All the Blood We Share by Camilla Bruce

My Five Word TL:DR Review : Reimagining of Sinister Serial Killers


Well, if it doesn’t sound too hideous to say that I enjoyed a sinister reimagining of a family of serial killers, I will say that this was a very good read.  Perhaps not the kind of read that’s going to bring a smile to your face or give you any laugh out loud moments, but definitely a compelling tale that you read with ever increasing shock that is heightened even more with the realisation that this family really existed and spread misery across the Kansas plains with their low regard for life.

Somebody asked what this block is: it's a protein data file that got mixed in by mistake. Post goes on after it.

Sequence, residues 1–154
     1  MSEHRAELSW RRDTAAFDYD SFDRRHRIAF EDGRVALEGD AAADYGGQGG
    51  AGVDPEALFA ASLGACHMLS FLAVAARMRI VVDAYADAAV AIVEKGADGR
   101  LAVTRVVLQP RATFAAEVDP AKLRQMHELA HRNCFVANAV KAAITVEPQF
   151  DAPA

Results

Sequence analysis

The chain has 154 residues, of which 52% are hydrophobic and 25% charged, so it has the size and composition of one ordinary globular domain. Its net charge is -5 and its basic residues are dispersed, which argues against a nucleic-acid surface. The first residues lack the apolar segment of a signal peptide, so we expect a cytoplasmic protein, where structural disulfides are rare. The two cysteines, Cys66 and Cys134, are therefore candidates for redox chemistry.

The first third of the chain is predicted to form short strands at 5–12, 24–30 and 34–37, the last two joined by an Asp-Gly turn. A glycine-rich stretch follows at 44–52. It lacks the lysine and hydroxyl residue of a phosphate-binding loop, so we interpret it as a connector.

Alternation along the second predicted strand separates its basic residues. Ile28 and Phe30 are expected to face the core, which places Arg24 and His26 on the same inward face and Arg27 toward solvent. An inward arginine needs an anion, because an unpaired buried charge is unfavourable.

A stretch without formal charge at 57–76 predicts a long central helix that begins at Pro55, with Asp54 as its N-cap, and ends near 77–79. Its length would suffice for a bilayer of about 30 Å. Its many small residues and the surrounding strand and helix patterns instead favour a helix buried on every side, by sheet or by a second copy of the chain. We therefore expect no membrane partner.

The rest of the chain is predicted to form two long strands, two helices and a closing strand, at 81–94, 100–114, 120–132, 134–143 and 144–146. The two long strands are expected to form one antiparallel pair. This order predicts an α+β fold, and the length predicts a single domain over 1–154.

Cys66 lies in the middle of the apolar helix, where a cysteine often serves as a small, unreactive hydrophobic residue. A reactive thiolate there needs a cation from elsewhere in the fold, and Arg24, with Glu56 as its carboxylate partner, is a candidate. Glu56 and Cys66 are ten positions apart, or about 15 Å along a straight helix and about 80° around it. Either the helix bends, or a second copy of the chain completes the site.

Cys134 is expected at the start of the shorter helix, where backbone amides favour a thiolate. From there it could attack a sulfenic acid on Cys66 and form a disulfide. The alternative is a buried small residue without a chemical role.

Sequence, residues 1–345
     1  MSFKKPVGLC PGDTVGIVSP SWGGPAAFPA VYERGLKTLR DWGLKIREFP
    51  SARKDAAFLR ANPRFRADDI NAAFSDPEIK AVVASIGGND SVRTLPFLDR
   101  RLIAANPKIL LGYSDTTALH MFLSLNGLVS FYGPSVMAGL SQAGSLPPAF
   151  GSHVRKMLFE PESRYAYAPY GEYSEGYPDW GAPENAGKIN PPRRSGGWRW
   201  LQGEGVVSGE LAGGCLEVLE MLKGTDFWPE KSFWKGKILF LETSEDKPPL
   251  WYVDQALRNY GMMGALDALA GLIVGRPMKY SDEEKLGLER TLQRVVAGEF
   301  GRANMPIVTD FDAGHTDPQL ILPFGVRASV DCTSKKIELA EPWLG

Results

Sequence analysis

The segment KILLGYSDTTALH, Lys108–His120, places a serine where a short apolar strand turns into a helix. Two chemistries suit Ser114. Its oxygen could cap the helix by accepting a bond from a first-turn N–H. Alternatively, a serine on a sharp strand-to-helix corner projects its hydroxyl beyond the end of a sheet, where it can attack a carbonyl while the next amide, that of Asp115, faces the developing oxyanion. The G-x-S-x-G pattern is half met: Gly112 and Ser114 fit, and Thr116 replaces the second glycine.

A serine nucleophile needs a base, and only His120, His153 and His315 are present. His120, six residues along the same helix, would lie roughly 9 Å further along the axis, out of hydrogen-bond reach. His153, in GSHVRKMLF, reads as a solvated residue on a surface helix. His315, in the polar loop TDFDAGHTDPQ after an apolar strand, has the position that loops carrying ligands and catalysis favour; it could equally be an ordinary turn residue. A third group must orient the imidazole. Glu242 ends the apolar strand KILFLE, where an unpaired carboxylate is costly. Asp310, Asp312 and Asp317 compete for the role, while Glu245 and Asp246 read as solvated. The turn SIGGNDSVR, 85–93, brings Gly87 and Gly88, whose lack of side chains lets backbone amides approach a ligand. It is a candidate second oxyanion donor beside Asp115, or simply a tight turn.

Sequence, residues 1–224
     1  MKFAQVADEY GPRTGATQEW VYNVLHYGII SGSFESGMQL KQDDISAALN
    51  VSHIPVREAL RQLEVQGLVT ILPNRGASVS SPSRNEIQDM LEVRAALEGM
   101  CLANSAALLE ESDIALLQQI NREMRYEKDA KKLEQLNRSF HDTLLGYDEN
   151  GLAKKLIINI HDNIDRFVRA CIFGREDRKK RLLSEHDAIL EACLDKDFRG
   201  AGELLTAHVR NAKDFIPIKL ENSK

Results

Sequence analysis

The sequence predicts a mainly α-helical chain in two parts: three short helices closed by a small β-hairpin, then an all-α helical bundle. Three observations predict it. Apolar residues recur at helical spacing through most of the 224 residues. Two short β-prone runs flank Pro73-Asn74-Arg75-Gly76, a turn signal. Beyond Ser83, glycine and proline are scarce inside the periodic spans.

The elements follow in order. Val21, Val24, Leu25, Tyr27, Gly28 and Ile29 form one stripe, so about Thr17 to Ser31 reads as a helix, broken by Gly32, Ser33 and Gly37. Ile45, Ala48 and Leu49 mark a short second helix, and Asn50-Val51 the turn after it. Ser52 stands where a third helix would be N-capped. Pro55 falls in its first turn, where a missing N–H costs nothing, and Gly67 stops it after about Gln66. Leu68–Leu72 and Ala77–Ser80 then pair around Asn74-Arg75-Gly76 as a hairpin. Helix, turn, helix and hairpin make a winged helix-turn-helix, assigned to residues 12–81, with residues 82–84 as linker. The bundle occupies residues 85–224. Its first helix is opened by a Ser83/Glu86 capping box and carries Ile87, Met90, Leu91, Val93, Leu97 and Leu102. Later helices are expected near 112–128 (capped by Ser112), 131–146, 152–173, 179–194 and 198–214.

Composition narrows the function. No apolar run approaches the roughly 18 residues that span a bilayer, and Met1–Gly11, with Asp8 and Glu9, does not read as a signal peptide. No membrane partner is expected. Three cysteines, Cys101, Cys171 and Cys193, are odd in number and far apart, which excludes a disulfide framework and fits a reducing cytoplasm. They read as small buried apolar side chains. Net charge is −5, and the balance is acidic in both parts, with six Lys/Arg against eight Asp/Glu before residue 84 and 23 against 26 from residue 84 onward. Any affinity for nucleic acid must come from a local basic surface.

This is a reimagining of real life events penned by a wonderful author who clearly has an interest and has researched the subject well.  It’s positively gripping and a little bit like watching a dreadful trainwreck.

It was a sad day for Cherryvale, Kansas when the Benders came to stay.  Trying to leave a dark past behind they arrive on the prairie where they set up an Inn and dry goods store.  The females of the family are not entirely happy with this new start, wanting to go further afield, but William Bender believes they can make a living being so near to a frequently used trail and so begins a short and bloody spell in America’s history.